A steward of the 800 year-old tradition of the Griot, the storytellers of West Africa, Cheick Hamala shares the oral history, music and song of his culture as it was passed on to him from birth by parent to child. At an early age, Cheick Hamala easily mastered the ngoni, a stringed lute and ancestor to the banjo. He later learned to play the guitar from his uncle, legendary Super Rail Band guitarist Djelimady Tounkara.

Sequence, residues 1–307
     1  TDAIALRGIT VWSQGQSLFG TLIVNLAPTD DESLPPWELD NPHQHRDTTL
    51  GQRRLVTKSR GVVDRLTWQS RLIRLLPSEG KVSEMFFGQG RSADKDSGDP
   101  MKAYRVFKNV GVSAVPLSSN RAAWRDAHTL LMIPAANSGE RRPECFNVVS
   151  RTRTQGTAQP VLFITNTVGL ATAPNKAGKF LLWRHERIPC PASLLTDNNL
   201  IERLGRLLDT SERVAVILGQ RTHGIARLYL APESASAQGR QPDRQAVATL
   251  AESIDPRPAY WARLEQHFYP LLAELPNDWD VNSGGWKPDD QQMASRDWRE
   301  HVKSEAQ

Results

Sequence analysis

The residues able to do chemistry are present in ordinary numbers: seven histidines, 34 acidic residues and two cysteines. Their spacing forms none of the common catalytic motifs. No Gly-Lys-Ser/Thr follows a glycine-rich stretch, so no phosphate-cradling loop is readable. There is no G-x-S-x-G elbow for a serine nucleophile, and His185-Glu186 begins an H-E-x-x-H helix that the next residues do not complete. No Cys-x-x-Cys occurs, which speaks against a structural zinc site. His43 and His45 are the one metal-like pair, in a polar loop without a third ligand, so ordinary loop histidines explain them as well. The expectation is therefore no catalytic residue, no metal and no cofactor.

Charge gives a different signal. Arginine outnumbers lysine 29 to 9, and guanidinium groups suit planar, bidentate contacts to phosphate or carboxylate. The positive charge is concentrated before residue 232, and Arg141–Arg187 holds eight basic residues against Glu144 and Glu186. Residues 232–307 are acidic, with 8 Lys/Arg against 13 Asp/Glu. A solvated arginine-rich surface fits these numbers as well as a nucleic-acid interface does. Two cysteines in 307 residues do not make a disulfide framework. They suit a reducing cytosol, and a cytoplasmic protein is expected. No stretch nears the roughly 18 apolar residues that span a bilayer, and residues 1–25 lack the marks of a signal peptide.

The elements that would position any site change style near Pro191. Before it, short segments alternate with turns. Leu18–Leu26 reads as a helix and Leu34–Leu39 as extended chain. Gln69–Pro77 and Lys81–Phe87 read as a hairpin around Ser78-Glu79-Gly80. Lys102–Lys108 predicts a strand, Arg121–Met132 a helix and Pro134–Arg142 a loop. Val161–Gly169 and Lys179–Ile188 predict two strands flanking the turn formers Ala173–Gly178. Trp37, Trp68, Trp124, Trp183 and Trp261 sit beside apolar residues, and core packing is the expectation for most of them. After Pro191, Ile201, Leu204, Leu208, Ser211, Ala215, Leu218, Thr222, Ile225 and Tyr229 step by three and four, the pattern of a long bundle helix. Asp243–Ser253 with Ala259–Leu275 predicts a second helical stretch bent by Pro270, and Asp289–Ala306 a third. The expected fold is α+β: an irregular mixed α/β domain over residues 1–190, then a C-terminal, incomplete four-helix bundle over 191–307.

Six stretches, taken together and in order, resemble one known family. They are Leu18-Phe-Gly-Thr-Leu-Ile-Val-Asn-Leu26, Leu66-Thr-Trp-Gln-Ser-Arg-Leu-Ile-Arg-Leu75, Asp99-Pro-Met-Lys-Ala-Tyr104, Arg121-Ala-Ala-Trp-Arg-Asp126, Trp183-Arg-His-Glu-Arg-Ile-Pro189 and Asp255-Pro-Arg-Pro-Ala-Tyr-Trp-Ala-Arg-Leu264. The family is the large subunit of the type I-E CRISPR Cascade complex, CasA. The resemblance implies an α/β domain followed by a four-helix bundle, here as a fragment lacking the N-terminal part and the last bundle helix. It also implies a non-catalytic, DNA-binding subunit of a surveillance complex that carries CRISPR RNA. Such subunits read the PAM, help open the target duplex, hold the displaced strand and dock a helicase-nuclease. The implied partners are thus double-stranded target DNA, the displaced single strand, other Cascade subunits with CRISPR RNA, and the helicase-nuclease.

At age 12, Cheick Hamala was invited to the National Institute of Arts in Bamako, Mali's Capital, where he studied music, graphic arts, cinema, literature and theatre. He began his international performing career upon graduation, learning from and playing with the full pantheon of Malian musical greats, including Toumani Diabate (a first cousin), Oumou Sangare, Ali Farka Toure and Salif Keita to name but a few.
Upon coming to the US, Cheick Hamala was intrigued by the resemblance between his beloved ngoni and the American banjo, even sharing tunings and picking styles. He has since learned to play the banjo at a virtuosic level, including collaborations with Bela Fleck and Bob Carlin.